Times are good at Indiana hospitals, but there are growing signs that the boost they’ve received from Obamacare is starting to fade.
Indianapolis-based Community Health Network reported on Nov. 18 that its third-quarter revenue totaled $521.9 million, up 6.7 percent from the same quarter last year. All parts of Community’s business—from hospital stays to surgeries to physician work to imaging scans—are up over the same quarter last year.
Community continues to credit the growth to an increase in the number of its patients covered by Anthem health insurance purchased on the Obamacare exchange and to the Healthy Indiana Plan, which has expanded rapidly using Medicaid money approved by Obamacare.
Those factors have slashed the amount of uncompensated care at Community’s facilities by 27 percent in the past year, saving Community about $18 million so far this year.
But growth on the Obamacare exchanges is now leveling off. The Obama administration expects only about 10 percent growth in enrollment on the exchanges in 2016.
The Healthy Indiana Plan has added more than 200,000 additional members since February, and state leaders expect it to add about 180,000 more by the end of 2016. Some of those customers, however, were previously buying coverage on the Obamacare exchanges.
As enrollment in those publicly subsidized programs slows down, the benefit to Community and other hospitals is decelerating. Indianapolis-based Indiana University Health, which operates 19 hospitals around the state, and Tennessee-based Community Health Systems Inc., which has nine hospitals in Indiana, each reported weaker patient volumes for the third quarter.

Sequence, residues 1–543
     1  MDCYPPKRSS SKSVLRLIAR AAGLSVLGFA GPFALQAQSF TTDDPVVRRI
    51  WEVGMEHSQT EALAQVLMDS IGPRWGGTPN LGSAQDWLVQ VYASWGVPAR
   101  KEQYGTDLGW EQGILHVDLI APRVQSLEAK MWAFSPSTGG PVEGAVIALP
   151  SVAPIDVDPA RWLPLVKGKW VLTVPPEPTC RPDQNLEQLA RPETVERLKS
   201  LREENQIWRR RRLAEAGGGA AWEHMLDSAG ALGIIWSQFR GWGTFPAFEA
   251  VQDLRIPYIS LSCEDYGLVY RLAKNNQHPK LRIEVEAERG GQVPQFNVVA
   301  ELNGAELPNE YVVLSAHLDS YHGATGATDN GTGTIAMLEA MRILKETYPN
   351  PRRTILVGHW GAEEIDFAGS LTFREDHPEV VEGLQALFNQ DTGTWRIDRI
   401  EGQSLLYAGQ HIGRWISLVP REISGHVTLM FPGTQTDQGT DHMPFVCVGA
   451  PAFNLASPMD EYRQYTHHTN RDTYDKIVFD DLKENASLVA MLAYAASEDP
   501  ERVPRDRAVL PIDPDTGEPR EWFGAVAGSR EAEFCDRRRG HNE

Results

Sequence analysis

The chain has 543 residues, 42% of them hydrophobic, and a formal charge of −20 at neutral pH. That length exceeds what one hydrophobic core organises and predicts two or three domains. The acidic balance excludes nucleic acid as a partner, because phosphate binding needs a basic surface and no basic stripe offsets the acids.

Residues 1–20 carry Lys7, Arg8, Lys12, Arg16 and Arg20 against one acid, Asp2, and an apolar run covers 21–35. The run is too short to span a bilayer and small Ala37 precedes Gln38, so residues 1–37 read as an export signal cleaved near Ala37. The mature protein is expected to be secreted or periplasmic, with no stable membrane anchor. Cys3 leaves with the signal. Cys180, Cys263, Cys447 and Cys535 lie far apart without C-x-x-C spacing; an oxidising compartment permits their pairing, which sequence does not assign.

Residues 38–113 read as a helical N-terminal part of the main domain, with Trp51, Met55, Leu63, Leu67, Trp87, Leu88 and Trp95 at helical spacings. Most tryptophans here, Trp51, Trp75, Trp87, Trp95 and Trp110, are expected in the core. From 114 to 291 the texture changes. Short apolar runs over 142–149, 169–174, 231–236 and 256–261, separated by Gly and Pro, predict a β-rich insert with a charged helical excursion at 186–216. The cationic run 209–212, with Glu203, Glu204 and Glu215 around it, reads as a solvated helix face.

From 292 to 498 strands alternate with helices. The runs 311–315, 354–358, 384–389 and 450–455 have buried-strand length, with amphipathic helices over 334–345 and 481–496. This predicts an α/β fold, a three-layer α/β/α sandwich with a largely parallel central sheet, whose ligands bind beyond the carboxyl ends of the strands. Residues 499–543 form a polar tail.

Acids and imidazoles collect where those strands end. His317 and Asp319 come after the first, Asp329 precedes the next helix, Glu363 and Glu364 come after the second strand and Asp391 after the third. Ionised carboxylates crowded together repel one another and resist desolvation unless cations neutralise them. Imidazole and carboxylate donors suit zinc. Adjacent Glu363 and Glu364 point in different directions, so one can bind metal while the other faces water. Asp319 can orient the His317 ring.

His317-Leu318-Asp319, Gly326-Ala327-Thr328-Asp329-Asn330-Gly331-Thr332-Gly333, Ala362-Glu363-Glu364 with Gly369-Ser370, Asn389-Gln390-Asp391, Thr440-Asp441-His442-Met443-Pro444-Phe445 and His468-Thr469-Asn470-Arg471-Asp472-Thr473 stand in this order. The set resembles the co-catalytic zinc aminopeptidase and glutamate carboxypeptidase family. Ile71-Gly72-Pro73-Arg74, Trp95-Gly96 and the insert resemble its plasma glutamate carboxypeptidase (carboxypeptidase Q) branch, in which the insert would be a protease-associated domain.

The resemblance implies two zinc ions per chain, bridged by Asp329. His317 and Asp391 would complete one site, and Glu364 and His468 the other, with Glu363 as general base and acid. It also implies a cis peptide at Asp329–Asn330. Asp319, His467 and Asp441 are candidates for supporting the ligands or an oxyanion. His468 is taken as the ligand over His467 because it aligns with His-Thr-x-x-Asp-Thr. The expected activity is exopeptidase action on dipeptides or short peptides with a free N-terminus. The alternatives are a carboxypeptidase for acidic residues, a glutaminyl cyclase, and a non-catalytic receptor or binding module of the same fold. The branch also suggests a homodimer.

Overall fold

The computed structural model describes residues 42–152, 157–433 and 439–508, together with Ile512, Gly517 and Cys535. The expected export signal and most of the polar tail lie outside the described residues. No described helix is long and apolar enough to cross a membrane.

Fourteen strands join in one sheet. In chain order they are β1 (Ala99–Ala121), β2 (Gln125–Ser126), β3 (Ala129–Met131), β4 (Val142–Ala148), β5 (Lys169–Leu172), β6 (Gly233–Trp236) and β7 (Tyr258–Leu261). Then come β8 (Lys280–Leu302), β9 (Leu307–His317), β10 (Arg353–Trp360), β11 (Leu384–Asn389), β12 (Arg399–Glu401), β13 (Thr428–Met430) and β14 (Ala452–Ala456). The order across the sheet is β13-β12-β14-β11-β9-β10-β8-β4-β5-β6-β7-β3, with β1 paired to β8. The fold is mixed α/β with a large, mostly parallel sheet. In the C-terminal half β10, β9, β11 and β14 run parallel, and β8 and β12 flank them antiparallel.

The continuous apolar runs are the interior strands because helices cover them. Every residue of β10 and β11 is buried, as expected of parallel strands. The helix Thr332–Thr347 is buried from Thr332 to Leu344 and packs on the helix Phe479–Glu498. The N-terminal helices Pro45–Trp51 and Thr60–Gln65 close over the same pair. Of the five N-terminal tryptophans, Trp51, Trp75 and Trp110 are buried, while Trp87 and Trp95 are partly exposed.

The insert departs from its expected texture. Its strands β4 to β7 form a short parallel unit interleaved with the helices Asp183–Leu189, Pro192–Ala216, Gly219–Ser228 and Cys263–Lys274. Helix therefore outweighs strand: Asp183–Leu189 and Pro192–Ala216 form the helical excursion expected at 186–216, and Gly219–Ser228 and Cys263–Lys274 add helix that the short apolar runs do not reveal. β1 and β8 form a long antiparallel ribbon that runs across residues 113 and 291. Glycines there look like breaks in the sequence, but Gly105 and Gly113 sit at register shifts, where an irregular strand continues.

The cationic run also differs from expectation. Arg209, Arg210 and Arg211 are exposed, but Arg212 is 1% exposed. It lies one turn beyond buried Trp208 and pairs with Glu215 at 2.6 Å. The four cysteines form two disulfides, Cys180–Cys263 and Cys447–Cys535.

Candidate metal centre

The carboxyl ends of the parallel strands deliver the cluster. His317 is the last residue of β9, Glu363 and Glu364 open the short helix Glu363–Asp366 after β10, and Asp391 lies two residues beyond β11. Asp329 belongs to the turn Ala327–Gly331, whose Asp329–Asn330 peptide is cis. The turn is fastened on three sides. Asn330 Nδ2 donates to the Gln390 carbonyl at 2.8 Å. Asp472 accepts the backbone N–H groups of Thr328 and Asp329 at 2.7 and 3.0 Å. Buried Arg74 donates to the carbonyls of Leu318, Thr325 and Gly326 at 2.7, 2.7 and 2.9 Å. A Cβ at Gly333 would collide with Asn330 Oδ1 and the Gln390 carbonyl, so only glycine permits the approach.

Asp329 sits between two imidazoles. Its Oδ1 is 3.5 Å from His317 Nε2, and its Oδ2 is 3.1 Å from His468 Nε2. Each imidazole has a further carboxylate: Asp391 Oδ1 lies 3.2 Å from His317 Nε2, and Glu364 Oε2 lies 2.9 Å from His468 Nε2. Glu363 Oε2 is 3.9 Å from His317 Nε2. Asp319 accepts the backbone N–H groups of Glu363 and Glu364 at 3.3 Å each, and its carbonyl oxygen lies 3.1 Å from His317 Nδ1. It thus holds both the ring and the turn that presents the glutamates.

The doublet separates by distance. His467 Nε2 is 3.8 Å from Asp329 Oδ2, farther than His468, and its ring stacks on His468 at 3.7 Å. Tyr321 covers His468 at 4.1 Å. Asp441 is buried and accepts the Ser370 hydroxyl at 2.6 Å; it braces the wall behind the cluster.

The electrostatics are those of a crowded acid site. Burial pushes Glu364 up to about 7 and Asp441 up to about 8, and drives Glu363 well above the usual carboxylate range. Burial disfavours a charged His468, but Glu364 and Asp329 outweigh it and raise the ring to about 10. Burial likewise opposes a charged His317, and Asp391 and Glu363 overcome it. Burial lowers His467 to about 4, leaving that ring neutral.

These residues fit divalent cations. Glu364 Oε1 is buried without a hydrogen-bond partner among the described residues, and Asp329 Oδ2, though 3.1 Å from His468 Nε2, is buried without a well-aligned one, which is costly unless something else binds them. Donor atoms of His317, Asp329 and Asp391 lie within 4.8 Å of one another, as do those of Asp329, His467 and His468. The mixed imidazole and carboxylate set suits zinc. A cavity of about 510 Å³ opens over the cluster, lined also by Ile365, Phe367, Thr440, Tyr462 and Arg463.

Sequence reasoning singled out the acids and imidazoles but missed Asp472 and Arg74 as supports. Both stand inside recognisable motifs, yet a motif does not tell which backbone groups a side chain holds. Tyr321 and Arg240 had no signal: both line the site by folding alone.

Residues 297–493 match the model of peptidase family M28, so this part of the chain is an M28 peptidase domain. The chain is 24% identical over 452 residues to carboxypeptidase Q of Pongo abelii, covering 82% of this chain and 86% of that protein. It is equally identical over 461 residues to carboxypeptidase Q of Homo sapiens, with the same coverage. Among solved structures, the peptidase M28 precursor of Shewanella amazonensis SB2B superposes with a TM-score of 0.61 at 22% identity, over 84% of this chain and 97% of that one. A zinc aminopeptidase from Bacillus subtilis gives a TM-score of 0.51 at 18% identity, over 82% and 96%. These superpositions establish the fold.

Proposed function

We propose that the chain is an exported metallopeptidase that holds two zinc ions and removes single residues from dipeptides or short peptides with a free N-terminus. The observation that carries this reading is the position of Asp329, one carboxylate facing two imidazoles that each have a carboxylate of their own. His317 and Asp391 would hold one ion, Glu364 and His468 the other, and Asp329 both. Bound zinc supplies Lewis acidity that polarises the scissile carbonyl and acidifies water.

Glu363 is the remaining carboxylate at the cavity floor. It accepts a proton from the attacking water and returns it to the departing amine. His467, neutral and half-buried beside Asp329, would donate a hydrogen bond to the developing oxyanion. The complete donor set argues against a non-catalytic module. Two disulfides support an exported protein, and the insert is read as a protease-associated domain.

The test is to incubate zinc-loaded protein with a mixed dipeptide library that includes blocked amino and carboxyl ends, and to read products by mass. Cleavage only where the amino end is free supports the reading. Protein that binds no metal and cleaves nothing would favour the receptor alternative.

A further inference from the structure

Against their strong 2014 results, hospital chains have a tougher comparison this year to demonstrate higher volumes as well as upside from the Affordable Care Act, which is beginning to moderate, said A.J. Rice, an analyst at UBS, in a report by Modern Healthcare magazine. Moreover, the third quarter is typically the weakest of the year, he added.
“For our part, we think we're setting up like we do in many years for the group to bottom out,” Rice told investors last month. He expects hospitals’ performance to “gradually rally post-earnings for the six months into the spring of 2016.”
Community Health Network’s profits from its operations totaled 8.6 percent of operating revenue at the end of September, compared with 9.3 percent at each of the first two quarters this year.
Its inpatient visits and surgeries are up 2.3 percent during the first nine months of the year, but they were up 4.3 percent at the end of June and 8.4 percent at the end of March.
Likewise, emergency room visits are up 7.7 percent at the end of September, but they were up 9 percent at the end of June and 13.3 percent at the end of March. And physician relative value units, a measure of productivity, were up 8.3 percent at the end of September, compared with increases of 13 percent at the end of June and 21.1 percent at the end of March.
At Indiana University Health, inpatient hospitalizations have slowed to a halt, growing by just 19 visits in the third quarter, compared with the same period a year ago. That’s out of nearly 98,000 hospital visits statewide in the quarter.
In the second quarter, hospitalizations rose 2 percent and in the first quarter they surged 5.4 percent.
IU Health’s revenue grew a healthy 6 percent in the third quarter to nearly $1.6 billion, as IU Health saw more patient visits to physicians and for outpatient surgeries, more members in the insurance plans it operates, and lower amounts of unpaid patient bills.
But IU Health’s third-quarter profit from operations, when adjusted for differences between the two quarters, was flat. It actually declined by $861,000, or 0.5 percent, to $174.7 million.
IU Health’s adjusted profit from operations also fell 3 percent in the second quarter, after rising 32.5 percent in the first quarter.